The thinking behind the Irish government's decision to grant a reprieve to Section 481 in last week's Budget is revealed today in a major PricewaterhouseCoopers (PWC) report.

The report was commissioned jointly by the Irish Film Board and the Department of Arts, Sport and Tourism and was sent to the Department of Finance in mid-September. It is published today on the websites of the Film Board and the Department of Arts, Sport and Tourism.

The terms of reference posed two questions for PWC: "is there a compelling economic and/or competitive justification for continuing fiscal support for the Irish film industry after 2004'"; and, "If such a compelling justification exists, what form should the incentive take'"

The report concludes both that there is a compelling economic and competitive justification for continuing fiscal support for the industry beyond 2004 and that Section 481 is "the appropriate form that the incentive should take going forward."

The report comes to a third conclusion, that "a number of features of Section 481 in its current form are in need of improvement, including the certification and compliance procedures, and the attractiveness of the relief to big-budget productions vis-à-vis those available in other jurisdictions."

PWC then make five recommendations, the first and last (in part) of which have been adopted by Finance Minister Charlie McCreevy, while the remainder will dealt with under guidelines being adopted in January by the Department of Arts, Sport and Tourism and the Irish tax authorities, the Revenue Commissioners.

- Section 481 be retained for a minimum period of five years.

- Appropriate specialist expertise be brought in to the Department of Arts, Sport and Tourism, as required, in the certification of budgets submitted as part of the Section 481 application process.

- Directors of Section 481 production companies should be required to make a statutory declaration that confirms that the certified Irish production spend has been incurred.

- The Revenue Commissioners should subject the Ireland spend figures of at least two Section 481-incentivised production companies to audit on an annual basis.

- Production companies should be permitted to raise Section 481 funds on between 30% and 50% of Ireland expenditures in excess of the existing cap, i.e. Euros10.480m up to a maximum of Euros 50m.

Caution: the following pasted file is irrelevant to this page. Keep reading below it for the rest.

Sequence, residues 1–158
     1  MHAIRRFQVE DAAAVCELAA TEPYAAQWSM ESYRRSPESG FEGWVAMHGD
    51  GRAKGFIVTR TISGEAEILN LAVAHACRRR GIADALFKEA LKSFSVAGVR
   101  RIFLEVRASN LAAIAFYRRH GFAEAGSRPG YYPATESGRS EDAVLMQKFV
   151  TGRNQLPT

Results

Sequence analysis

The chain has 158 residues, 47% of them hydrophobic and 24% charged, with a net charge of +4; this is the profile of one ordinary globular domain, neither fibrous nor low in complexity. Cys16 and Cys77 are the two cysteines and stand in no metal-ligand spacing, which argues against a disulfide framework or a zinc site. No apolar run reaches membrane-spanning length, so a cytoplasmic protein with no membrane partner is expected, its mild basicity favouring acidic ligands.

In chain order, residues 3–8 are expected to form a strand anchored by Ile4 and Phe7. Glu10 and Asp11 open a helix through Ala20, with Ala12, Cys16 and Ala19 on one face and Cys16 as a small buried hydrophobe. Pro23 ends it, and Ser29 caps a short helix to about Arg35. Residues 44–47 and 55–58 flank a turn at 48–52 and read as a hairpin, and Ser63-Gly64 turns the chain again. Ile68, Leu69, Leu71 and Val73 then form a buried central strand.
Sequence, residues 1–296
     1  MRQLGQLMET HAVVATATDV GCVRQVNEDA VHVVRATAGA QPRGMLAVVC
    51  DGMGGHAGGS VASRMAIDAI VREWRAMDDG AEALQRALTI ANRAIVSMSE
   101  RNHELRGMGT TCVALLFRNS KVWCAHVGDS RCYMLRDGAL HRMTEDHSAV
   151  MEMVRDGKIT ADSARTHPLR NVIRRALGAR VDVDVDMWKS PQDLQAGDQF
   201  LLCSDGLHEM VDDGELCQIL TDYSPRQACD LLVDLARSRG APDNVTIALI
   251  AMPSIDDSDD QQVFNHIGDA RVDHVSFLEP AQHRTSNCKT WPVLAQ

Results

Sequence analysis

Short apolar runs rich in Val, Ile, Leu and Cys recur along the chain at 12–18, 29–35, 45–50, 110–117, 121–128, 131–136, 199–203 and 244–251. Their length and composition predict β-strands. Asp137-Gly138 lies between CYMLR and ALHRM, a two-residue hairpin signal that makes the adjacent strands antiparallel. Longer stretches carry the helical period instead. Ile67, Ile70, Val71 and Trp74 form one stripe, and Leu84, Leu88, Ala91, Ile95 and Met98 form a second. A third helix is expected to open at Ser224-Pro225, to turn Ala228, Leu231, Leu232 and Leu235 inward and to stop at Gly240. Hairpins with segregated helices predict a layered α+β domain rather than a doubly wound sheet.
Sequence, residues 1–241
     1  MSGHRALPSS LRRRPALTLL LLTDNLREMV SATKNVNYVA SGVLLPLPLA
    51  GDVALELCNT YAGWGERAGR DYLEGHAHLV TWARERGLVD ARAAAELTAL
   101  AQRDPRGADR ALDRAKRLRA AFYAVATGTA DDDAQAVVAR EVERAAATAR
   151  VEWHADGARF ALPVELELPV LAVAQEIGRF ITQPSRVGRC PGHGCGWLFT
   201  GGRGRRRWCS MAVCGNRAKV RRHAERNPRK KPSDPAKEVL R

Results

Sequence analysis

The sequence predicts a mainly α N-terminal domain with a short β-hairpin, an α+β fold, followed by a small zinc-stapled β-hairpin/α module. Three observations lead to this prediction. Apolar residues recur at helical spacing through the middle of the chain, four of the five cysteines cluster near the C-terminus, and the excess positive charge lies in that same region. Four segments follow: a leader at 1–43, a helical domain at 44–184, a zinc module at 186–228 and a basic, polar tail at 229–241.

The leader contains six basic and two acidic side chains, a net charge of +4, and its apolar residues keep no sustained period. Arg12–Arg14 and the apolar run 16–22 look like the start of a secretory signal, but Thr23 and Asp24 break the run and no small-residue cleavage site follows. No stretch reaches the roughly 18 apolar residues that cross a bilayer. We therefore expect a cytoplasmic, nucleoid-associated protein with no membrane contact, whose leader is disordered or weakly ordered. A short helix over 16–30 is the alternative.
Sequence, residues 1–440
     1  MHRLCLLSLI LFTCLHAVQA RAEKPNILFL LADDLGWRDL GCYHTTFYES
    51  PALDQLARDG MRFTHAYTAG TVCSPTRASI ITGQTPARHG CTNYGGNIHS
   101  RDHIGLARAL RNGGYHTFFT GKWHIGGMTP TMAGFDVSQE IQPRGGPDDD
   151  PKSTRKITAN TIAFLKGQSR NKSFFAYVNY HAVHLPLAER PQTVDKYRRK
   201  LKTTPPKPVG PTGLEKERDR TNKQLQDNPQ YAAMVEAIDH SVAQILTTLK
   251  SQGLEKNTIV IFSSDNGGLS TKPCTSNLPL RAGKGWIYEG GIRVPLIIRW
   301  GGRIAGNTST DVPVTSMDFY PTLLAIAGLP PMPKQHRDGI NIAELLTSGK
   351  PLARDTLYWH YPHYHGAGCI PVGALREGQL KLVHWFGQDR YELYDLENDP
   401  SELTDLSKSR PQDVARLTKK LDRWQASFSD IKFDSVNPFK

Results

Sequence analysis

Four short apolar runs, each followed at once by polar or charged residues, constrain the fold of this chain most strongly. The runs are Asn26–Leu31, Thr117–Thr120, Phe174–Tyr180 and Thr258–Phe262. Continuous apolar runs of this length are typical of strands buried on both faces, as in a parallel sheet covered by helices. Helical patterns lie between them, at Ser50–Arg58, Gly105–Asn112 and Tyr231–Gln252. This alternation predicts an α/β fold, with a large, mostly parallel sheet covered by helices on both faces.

PWC analysed the operation of Section 481 over the years 1999 to 2001, taking 'a deliberately conservative approach to the estimation of the costs and benefits.' They trawled through the Irish spend of sixty six individual film projects over the three-year period and concluded that there was an average annual net benefit to the exchequer of Euros 2,208,777 for each of the years under review. Broken down by year, however, there was a net cost to the Exchequer of Euros1,827,136 in 1999, a net benefit of Euros 803,375 in 2000, and a net benefit of Euros 7,650,093.

"There is a relatively strong correlation between project size and the likelihood of a project yielding a positive return to the Exchequer," the report states. "Related to this, and reflecting their typically larger size, off-shore productions are more likely to make a positive return to the Irish Exchequer than their often less well-resourced indigenous counterparts or co-productions."

Given that PWC's brief was purely economic they draw no cultural conclusions from this finding, a conclusion in which local producers may see a somewhat discomfiting truth. That is that the use of a tax mechanism is less costly (in purely economic terms) as an incentive for large-scale off-shore production filming in Ireland than it is as a support for usually much lower budget indigenous productions.